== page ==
Friday, July 27, 2007

A question makes me think

In the thread below, a commenter (-Di) asked me a question quoted here:

"I have a question. It is in reference to your comment about making great music to sell records. How do you define success in the area of selling records?

The reason why I ask is because there are artist I like who have a modest core group of fans but their singles are rarely top 40 material. (e.g. Michael Penn, as far as I know he's a one hit wonder.)

If you put out an album that you feel is the best music since Mozart and for some reason it does not sell, in your opinion would that mean the song were not as good as you thought?"

And it got me a very good way.

As a side note, just a little about me: sometimes I get a question from someone here or in real life and it gets me thinking. I can be overanalytical at times, honestly. But it some ways that can be a good thing. I want to be able to explain why I do what I do, and how I do it. So, the questions got me thinking about one thing, which lead to another and suddenly I have a medium sized blog post. Anyway, my mind works strangely, but maybe this will give you a glimpse into how I work.

Some of my favorite records of all time: Sufjan Steven's "Illinoise" (which I'm listening to as I write), Sigur Ros "Takk", even Mute Math's debut....they are not commercial successes (in that they haven't sold buttloads of records) but there is no question in my mind that these are albums that live up to every measure of artistry and songwriting that I hope to someday reach. Most people don't even know that names of these groups, yet they made albums that I would be proud to call my own.

However, if I do make an album that is commercially successful, it does not mean necessarily that the songs were good (do I need to actually point out crappy records that sold a ton of records? I think you get the point), and I would hope that with the next album I would challenge myself to write better songs than ever before.

On the other hand, perhaps I will make an album that is not all that great and it translates into a small amount of sales.

The final thing that could happen is that I make a great album and it happens to translate into commercial success. This is what I hold to...I have to believe that if I make a great record it will sell well because it gives me hope. However, the realistic side of me knows that great records do not necessarily sell. And there are so few spectacular albums anymore (in my opinion), that how realistic is it to think that I can make one of them?

And to be honest, over the last few weeks, I have been torn a tad. I feel like I have a niche that I feel comfortable in...I feel very comfortable writing songs I think that an audience can sing along with and have familiarity with early on in their listening experience. However, lately, I find myself messing around with ideas of songs that are completey non-commercial, experimental and raw. Songs that feel the best underproduced and emotional. So which side of me do I feed? Maybe both...I can always have songs in the bank for later use, or for side projects. But ultimately it comes down to the creative process for me.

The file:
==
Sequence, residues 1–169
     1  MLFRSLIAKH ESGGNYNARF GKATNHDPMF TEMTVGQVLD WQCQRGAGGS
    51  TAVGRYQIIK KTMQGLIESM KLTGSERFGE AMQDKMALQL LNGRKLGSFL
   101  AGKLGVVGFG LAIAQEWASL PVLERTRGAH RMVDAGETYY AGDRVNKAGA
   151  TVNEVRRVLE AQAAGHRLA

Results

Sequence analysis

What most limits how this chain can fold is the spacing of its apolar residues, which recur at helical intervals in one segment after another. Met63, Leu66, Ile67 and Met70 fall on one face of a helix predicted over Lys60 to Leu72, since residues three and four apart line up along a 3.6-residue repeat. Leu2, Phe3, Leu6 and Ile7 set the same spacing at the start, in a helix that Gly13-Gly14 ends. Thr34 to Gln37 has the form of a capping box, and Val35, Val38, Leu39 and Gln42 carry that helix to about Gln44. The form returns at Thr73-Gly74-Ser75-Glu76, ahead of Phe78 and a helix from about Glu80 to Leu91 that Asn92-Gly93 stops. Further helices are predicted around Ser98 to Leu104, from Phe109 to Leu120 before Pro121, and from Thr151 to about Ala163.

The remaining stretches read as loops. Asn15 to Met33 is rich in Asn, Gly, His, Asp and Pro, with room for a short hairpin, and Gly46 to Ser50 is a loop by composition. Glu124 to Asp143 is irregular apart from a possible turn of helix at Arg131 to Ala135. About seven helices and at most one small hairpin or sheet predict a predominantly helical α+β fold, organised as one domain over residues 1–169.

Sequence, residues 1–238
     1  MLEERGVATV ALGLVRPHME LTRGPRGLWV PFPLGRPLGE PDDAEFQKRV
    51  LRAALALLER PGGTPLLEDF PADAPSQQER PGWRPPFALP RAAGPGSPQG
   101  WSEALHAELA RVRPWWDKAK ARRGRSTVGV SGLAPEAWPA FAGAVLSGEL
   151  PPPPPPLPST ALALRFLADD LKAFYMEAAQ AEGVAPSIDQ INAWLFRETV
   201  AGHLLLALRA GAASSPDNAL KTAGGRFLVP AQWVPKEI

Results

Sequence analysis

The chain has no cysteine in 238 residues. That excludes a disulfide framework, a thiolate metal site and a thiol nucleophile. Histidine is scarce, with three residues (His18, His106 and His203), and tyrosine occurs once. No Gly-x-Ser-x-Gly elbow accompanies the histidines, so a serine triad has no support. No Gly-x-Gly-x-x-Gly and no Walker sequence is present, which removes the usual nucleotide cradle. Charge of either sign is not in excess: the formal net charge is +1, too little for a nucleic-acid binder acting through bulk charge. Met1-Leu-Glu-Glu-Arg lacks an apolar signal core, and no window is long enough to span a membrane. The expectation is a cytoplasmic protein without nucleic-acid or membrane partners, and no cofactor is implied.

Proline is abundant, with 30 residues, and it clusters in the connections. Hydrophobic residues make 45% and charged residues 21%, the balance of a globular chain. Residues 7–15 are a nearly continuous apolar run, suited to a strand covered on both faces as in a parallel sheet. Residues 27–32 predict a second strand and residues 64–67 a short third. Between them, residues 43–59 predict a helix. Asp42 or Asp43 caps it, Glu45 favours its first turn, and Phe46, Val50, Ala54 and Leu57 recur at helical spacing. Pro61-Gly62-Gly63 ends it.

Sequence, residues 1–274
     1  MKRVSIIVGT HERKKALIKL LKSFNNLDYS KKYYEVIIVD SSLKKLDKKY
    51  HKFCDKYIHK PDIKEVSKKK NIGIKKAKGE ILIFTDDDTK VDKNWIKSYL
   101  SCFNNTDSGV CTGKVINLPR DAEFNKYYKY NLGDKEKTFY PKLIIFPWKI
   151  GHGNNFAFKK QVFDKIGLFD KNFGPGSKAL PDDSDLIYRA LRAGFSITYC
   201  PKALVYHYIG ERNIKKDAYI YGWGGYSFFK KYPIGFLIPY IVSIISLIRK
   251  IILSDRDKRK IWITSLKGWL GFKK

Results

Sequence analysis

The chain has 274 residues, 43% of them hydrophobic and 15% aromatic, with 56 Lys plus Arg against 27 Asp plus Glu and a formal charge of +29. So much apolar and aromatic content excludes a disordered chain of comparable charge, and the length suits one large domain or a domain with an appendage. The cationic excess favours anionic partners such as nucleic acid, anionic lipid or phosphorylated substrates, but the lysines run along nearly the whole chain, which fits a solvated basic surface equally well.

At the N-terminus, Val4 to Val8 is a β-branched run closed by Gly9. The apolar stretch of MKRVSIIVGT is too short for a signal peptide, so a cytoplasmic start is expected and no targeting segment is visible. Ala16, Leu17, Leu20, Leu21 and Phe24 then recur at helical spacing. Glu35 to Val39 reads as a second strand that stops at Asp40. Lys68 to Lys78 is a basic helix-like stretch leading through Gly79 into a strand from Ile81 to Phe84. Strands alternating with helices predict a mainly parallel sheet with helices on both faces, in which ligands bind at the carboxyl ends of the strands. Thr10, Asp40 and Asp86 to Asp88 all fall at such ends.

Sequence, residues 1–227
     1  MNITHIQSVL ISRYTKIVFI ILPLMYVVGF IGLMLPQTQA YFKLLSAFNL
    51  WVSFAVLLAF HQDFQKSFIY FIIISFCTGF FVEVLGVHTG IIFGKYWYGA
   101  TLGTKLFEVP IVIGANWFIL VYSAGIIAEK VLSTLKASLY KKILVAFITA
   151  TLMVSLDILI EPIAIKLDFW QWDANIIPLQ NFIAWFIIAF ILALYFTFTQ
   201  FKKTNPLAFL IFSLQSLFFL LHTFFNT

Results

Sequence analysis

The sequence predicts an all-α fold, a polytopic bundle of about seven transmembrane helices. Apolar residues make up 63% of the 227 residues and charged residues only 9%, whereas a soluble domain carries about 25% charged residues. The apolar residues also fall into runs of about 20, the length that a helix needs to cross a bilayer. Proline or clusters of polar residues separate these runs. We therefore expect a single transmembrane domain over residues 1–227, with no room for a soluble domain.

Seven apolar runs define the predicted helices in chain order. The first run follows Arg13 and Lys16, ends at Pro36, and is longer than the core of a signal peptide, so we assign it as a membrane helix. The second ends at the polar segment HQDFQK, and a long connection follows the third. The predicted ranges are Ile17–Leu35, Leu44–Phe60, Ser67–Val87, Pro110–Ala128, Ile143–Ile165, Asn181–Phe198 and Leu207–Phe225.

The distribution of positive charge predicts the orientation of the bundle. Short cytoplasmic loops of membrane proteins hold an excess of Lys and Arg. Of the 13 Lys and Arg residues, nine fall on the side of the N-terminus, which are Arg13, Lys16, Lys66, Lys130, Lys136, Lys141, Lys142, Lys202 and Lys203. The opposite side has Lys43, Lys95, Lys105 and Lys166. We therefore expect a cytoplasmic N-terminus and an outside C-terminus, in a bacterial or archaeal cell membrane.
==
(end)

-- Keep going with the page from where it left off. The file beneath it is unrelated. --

So, my creative process, though cloudy of late, comes down to this:

1) Emotional connections are what tie and artist to a consumer for life. When and if I can connect on an emotional level with a listener then chances are that listener will buy my next album and maybe my next. How does one connect on an emotional level? I don't think it happens any other way than simply being honest and raw and dare I say emotional from both a lyrical and musical perspective. So, as I write, I attempt to force myself to expose myself in ways I haven't been able to before. So I hope to connect with you in a way that you can understand and feel as if you've experienced the same things perhaps in different ways.

2) Music, ultimately, is what will sell a song as a great song. You can have the greatest lyrics in the world but if the melody doesn't make sense and doesn't tell a story, then the point is lost. So, as I write, I attempt to tie the lyrics as best as possible with the melodies. Songs are stories...maybe not a linear story that tells of this person and this person and how they fall in love or how they make it (a la one of my favorite songs "Living On A Prayer"), but a story. Ultimately drama in the music is what forces the story forward. For some songs, the drama is a loud and soft dynamic change (think "Smells Like Teen Spirit"), some songs the drama is in a slow build to a climax (think Coldplay's "Fix You"), while others the drama is a small change between the verses and choruses. But ultimately the music will sell the song.